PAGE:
|Other Retailer||Price Checked Time||Their Price in AUD||Our Price|
|Amazon UK||5 days ago||29.69||$15.66||You save $14.03|
Ted Hughes was born on 17 August 1930 in Mytholmroyd, a small mill town in West Yorkshire. His father made portable wooden buildings. The family moved to Mexborough, a coal-mining town in South Yorkshire, when Hughes was seven. His parents took over a newsagent and tobacconist shop, and eventually he went to the local grammar school.In 1948 Hughes won an Open Exhibition to Pembroke College, Cambridge. Before going there, he served two years National Service in the Royal Air Force. Between leaving Cambridge and becoming a teacher, he worked at various jobs, finally as a script-reader for Rank at their Pinewood Studios.In 1956 Hughes married the American poet Sylvia Plath, who died in 1963, and they had two children. He remarried in 1970. He was awarded the OBE in 1977, created Poet Laureate in December 1984 and appointed to the Order of Merit in 1998. He died in October 1998.Ted Hughes's first book, The Hawk in the Rain, was published by Fabe
Reading Hughes is like visiting a zoo envisioned by Hieronymus Bosch: we're caught between fright and fascination. But for all its terror and strangeness, the menagerie is a real one, its livid grandeur less a product of the imagination than of primal forces of survival--``Sculpted, as are all God's creatures, by hunger.'' Who but Hughes would describe a horse as ``a top-heavy, twangling half ton/ On the stilts of an insect,'' or characterize the human soul as ``A strange thing, with rickets--a hyena''? A retelling of the story of Adam, ``Take What You Want But Pay for It,'' nearly wrenches itself from the page. In his 60th year, England's poet laureate refuses to mellow, dissecting fear and malevolence with an ever sharper blade. His new collection will no doubt cause more than one aspiring poet to cast their pens down in frustration and despair.-- Fred Muratori, Cornell Univ. Lib.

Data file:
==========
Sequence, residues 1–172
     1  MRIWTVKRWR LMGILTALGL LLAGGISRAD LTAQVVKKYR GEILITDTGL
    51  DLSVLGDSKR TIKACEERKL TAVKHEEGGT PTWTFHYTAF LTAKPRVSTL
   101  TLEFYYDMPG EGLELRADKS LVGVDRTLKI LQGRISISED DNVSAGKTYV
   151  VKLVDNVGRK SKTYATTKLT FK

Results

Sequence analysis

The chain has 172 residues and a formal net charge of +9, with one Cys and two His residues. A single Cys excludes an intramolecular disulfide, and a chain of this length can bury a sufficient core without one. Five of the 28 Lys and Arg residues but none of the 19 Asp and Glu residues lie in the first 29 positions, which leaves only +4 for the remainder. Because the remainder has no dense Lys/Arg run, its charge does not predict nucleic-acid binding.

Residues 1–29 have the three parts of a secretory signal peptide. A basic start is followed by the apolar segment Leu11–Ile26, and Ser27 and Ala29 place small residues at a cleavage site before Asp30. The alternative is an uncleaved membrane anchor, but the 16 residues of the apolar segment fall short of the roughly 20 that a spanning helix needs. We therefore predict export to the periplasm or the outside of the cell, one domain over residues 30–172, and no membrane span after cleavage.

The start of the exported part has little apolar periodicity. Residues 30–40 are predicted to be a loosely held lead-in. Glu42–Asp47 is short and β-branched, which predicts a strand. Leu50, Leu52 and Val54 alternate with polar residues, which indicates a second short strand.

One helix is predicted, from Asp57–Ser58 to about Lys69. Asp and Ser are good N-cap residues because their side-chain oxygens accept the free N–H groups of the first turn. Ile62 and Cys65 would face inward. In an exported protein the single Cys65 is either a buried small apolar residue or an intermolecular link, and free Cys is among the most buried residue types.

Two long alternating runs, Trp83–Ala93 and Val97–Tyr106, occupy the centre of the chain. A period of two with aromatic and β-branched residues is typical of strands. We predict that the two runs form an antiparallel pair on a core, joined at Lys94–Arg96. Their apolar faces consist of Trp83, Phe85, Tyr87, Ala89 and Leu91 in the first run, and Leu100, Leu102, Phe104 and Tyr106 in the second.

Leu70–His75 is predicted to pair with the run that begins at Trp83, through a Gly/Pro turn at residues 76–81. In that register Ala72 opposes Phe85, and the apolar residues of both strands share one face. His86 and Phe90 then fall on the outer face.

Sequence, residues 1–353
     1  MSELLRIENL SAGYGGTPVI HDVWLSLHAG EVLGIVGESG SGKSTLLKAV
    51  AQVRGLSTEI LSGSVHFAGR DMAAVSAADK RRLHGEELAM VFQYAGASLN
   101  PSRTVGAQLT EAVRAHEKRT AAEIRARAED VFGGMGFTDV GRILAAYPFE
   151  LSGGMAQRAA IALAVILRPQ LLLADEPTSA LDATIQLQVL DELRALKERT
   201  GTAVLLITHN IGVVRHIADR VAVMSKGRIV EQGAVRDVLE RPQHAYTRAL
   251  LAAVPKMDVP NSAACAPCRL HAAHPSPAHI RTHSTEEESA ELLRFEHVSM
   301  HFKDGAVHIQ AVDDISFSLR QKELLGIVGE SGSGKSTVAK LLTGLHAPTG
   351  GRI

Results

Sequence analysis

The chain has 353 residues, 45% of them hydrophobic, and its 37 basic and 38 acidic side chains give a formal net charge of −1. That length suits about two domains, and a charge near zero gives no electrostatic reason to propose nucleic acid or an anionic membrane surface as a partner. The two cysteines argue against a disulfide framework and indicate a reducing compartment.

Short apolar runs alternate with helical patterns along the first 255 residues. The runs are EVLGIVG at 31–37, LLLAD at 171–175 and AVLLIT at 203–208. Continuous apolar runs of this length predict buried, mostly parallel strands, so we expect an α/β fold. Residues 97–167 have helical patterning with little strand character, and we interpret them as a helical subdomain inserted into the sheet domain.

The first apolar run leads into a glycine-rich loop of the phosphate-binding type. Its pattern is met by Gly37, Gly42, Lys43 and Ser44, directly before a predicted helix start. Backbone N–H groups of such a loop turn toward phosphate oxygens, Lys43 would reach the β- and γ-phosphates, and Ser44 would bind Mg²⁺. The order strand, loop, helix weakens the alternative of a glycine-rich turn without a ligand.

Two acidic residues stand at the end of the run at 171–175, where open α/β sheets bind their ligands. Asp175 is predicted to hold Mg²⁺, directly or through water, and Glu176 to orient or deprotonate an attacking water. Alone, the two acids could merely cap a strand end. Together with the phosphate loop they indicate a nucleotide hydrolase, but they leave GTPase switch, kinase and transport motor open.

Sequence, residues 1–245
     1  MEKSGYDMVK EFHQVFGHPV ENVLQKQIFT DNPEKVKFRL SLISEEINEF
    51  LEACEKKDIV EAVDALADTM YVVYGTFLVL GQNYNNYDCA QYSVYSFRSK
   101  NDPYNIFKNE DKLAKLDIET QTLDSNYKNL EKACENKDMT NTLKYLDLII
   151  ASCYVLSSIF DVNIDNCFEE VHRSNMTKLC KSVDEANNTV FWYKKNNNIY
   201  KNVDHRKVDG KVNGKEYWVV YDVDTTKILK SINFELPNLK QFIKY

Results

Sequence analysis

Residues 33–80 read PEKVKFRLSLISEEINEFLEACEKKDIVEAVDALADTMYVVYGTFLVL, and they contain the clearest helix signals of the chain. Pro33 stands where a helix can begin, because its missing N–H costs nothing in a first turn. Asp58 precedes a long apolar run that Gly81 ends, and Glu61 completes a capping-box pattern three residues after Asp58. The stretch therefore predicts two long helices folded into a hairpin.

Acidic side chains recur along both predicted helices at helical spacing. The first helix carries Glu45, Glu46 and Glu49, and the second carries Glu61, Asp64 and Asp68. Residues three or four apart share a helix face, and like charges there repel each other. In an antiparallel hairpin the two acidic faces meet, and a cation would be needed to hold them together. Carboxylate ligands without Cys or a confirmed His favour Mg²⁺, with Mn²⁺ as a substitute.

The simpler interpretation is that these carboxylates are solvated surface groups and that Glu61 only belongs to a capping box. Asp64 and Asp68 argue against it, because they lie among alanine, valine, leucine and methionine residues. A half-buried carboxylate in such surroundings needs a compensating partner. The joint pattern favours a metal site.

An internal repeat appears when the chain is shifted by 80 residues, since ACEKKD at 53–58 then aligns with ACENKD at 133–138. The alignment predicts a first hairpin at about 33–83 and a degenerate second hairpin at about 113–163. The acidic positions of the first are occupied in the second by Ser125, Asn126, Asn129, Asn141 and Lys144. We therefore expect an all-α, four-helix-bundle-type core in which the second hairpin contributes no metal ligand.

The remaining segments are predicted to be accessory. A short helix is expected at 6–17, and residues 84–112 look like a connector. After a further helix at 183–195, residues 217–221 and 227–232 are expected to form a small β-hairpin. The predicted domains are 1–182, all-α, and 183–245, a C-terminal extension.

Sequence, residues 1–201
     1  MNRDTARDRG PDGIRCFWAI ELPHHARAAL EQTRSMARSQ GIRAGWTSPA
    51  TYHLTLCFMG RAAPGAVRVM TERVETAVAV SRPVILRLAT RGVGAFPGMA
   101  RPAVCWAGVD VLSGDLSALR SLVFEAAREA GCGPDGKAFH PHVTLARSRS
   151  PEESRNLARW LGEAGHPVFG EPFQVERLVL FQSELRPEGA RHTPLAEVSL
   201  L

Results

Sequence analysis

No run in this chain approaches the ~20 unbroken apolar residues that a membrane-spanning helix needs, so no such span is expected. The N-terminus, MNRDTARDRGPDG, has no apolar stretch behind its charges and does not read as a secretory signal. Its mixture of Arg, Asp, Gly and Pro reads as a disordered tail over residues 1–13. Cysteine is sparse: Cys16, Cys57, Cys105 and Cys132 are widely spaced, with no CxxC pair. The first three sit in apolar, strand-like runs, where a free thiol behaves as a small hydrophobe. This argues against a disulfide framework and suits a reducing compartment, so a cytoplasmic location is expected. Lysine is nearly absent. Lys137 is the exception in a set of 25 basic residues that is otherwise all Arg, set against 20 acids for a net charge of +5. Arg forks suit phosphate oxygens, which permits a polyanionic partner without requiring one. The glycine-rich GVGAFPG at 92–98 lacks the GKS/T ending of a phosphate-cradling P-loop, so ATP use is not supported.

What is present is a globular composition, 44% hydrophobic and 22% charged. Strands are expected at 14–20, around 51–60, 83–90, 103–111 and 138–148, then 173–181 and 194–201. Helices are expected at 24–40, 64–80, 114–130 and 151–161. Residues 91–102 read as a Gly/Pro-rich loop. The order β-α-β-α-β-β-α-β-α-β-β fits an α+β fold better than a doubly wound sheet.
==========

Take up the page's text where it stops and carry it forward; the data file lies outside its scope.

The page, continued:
"The poetry of Ted Hughes has brought us, in the most exact sense, closer to nature, its complete workings, than any English poet we can think of, including Clare and Hardy. Not because it is brutal, but because it is brutal and bright; otherwise all we would have would be morose accuracy, the diray of a depressed naturalist. ["Wolfwatching"] is a poetry of exultation."--Derek Walcott, " The Weekend Telegraph"""Wolfwatching" represents Ted Hughes at his informal best."--The Times (London)"For Hughes the English language is not so much a tool as an arsenal. . . . Time and again in Wolfwatching it is moving to watch him use verbal weapons, his clashing and meshing sound clusters, to plead for a collective clemency toward animals, a grown child's forgiveness for unhappy parents, a soldier's forgetfulness of battle."--Mary Jo Salter, " The New Republic"